Old tools never die

Kevin Kelly, the founding editor of Wired magazine, has spent considerable time researching the fate of obsolete technology and tools, and has concluded that old tools never die -- that is, that every technology ever known to Mankind is still in modern use somewhere in the world. NPR correspondent Robert Krulwich challenged this assumption on the air, and a lively interview ensued.

In his book, What Technology Wants, Kelly claims:

A close examination of a supposedly extinct bygone technology almost always shows that somewhere on the planet someone is still producing it. A technique or artifact may be rare in the modern urban world but quite common in the developing rural world. For instance, Burma is full of oxcart technology; basketry is ubiquitous in most of Africa; hand spinning is still thriving in Bolivia. A supposedly dead technology may be enthusiastically embraced by a heritage-based minority in modern society, if only for ritual satisfaction. Consider the traditional ways of the Amish, or modern tribal communities or fanatical vinyl record collectors. Often old technology is obsolete, that is, it is not very ubiquitous or is second rate, but it still may be in small-time use.

Robert Krulwich challenged several of his colleagues to find an item from the 1895 Montgomery Ward catalog's agricultural section that is no longer made, but they were unable to do so. Even medieval technology such as armor, and prehistoric stone tools, are still in use today, even if only by reenactors. But Kelly's point is that someone, whether for reasons of religion, historical reenactment, primitive culture, or simply because an old and simple idea still is the best solution to the problem at hand, is not only still using old style tools, but also is still making new copies of them. Stone hammers are still being used by reenactors to re-create primitive craftsmanship, and Krulwich's attempt to refute Kelly's claim revealed antique-style (but newly manufactured) farm equipment and woodworking tools offered for sale at Lehman's Hardware store, in central Ohio's Amish country. One point made by Kelly is that some of the old technology is still around because its simplicity makes it more rugged and reliable than its modern counterpart.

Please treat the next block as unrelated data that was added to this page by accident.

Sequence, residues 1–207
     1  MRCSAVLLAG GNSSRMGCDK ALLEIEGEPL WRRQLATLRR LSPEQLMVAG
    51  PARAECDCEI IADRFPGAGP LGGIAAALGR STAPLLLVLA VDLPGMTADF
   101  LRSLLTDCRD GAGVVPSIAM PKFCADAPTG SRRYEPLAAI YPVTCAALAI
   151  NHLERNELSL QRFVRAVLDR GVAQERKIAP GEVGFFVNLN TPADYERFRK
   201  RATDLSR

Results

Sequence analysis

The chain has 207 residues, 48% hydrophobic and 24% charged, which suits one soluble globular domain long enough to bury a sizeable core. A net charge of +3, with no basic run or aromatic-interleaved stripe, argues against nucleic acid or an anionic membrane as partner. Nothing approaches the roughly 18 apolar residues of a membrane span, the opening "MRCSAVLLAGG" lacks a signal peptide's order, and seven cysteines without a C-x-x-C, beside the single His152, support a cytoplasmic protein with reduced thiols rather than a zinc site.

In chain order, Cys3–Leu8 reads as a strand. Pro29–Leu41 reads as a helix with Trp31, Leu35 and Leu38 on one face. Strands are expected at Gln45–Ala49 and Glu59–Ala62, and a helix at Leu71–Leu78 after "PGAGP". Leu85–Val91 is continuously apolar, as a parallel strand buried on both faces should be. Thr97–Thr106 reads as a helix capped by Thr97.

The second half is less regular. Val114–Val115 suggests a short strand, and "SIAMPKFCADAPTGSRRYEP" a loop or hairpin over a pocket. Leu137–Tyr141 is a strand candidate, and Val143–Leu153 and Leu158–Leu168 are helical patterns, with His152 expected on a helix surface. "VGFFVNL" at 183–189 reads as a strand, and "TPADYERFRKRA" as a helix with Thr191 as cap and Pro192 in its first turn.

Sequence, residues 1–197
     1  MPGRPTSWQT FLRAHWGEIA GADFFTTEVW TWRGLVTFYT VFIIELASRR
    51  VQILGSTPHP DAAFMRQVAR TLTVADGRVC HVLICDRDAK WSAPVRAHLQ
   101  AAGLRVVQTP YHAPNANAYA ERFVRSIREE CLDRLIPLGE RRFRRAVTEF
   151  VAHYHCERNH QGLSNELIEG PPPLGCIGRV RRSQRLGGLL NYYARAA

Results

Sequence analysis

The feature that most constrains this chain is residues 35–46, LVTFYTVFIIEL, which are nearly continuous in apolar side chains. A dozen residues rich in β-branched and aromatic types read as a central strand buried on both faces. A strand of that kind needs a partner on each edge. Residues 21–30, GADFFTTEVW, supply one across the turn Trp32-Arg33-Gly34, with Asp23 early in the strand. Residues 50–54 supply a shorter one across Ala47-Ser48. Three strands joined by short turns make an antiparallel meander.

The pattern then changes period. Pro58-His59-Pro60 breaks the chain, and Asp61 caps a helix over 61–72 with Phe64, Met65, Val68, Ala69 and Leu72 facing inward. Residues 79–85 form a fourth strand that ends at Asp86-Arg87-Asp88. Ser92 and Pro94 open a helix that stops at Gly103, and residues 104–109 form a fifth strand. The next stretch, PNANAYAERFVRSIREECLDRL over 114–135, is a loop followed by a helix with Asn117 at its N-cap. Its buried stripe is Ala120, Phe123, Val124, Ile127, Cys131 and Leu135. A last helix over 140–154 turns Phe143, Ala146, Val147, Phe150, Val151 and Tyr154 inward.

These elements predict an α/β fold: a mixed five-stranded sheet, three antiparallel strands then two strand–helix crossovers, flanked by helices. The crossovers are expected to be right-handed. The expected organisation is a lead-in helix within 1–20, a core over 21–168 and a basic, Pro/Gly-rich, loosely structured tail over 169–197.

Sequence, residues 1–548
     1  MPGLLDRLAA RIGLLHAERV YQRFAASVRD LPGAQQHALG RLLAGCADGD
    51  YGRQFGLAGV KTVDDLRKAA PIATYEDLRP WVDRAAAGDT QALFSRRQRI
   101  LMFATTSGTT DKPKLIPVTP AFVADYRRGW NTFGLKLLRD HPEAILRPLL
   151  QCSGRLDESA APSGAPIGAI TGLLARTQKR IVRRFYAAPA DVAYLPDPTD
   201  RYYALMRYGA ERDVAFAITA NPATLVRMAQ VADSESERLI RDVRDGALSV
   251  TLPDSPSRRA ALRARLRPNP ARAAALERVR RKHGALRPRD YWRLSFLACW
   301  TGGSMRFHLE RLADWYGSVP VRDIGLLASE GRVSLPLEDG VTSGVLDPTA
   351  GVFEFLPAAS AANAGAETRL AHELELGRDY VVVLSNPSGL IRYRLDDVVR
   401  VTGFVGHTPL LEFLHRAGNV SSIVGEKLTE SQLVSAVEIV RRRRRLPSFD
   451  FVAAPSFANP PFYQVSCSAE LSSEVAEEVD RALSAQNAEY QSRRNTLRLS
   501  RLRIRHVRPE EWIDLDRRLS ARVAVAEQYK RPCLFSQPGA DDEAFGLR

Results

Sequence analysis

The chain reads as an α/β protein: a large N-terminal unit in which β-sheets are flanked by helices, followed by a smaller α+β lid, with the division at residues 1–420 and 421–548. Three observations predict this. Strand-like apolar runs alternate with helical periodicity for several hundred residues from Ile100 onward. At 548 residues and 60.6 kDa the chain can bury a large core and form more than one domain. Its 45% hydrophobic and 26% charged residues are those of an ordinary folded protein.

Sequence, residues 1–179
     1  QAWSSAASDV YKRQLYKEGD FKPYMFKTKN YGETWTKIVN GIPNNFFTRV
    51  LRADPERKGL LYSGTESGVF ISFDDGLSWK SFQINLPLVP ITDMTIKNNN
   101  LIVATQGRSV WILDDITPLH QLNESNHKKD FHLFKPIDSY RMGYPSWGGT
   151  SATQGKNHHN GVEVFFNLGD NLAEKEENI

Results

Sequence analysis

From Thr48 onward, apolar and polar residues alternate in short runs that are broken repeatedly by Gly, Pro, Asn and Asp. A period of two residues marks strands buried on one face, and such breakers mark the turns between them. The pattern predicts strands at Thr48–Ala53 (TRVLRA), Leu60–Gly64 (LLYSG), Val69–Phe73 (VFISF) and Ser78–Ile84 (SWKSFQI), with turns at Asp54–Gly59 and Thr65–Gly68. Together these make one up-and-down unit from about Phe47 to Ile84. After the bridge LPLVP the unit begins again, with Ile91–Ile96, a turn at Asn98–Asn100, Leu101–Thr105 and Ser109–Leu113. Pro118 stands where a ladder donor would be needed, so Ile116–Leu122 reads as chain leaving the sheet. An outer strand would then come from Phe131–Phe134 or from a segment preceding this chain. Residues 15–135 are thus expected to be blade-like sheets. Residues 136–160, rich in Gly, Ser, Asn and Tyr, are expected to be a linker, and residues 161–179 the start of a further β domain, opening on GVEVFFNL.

The NPR web site contains the complete podcast and edited transcript of the interview, along with several images from Kelly's book. There is also a challenge to NPR listeners, who are invited to offer in the Comments section their own ideas of some technology that is truly extinct rather than just rare.

Professor John Whittaker

from Grinnell taught me how to make stone knives.

(He is in the NPR story.)


That would be a fun class

I am envious, Andrixos. My grandfather used to make flint arrowheads (some using traditional methods, some using modern tools), but I never got around to having him teach me.

Interesting side-note from the NYPL video...

Near and dear to my own heart! In the video, they mention that Kevin Kelly is a beekeeper, a hobby shared with numerous SCA folk including your Publisher. :-)